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Keywords:

  • American black bear;
  • carnivore;
  • density estimation;
  • edge effect;
  • geographic closure;
  • spatially explicit capture–recapture;
  • Ursus americanus

Summary

1. Population density is a critical ecological parameter informing effective wildlife management and conservation decisions. Density is often estimated by dividing capture–recapture (C–R) estimates of abundance (inline image) by size of the study area, but this relies on the assumption of geographic closure – a situation rarely achieved in studies of large carnivores. For geographically open populations inline image is overestimated relative to the size of the study area because animals with only part of their home range on the study area are available for capture. This bias (‘edge effect’) is more severe when animals such as large carnivores range widely. To compensate for edge effect, a boundary strip around the trap array is commonly included when estimating the effective trap area (inline image). Various methods for estimating the width of the boundary strip are proposed, but inline image/inline image estimates of large carnivore density are generally mistrusted unless concurrent telemetry data are available to defineinline image. Remote sampling by cameras or hair snags may reduce study costs and duration, yet without telemetry data inflated density estimates remain problematic.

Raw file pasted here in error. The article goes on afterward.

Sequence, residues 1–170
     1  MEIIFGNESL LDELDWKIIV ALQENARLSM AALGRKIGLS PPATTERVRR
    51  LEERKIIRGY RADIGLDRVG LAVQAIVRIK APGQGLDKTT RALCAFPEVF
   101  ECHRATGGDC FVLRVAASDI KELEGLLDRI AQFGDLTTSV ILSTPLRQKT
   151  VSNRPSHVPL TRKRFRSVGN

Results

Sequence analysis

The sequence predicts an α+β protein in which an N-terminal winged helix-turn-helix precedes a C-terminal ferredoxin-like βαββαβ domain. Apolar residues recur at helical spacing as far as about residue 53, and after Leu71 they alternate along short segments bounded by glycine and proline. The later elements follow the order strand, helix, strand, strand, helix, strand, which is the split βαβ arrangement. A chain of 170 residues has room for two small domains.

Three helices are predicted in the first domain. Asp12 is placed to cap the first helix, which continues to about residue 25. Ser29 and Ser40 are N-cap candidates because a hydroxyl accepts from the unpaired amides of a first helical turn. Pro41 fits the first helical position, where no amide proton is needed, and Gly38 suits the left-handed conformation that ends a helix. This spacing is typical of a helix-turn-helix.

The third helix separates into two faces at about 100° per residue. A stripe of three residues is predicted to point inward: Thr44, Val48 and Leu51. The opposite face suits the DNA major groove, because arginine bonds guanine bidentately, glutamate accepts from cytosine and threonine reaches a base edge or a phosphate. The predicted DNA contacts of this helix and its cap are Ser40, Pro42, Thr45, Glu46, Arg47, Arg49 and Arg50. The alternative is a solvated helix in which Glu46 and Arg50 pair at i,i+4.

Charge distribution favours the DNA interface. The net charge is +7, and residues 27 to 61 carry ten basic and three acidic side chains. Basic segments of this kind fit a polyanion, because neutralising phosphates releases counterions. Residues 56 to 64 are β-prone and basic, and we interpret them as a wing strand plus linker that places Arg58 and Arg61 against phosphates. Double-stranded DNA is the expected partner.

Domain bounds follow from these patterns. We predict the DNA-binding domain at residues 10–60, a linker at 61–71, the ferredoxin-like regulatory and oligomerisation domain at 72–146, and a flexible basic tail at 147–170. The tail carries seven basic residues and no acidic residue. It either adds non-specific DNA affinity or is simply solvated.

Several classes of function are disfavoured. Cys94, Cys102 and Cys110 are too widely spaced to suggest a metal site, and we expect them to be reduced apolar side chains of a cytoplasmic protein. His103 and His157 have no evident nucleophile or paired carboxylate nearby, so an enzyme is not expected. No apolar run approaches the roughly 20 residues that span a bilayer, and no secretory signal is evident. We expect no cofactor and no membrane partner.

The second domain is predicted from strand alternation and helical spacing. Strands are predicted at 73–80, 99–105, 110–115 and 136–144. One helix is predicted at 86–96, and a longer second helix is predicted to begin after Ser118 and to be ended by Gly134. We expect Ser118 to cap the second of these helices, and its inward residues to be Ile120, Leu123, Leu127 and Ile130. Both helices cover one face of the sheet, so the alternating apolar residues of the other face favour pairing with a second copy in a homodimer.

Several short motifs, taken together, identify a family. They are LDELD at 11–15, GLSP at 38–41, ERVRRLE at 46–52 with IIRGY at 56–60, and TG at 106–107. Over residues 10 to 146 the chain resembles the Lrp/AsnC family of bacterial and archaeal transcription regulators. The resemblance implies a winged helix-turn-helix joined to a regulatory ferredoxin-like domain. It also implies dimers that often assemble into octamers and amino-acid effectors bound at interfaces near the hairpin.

2. We evaluated recently developed spatially explicit capture–recapture (SECR) models using data from a common large carnivore, the American black bear Ursus americanus, obtained by remote sampling of 11 geographically open populations. These models permit direct estimation of population density from C–R data without assuming geographic closure. We compared estimates derived using this approach to those derived using conventional approaches that estimate density as inline image/inline image.

3. Spatially explicit C–R estimates were 20–200% lower than densities estimated as inline image/inline image. AICc supported individual heterogeneity in capture probabilities and home range sizes. Variable home range size could not be accounted for when estimating density as inline image/inline image.

4.Synthesis and applications. We conclude that the higher densities estimated as inline image/inline image compared to estimates from SECR models are consistent with positive bias due to edge effects in the former. Inflated density estimates could lead to management decisions placing threatened or endangered large carnivores at greater risk. Such decisions could be avoided by estimating density by SECR when bias due to geographic closure violation cannot be minimized by study design.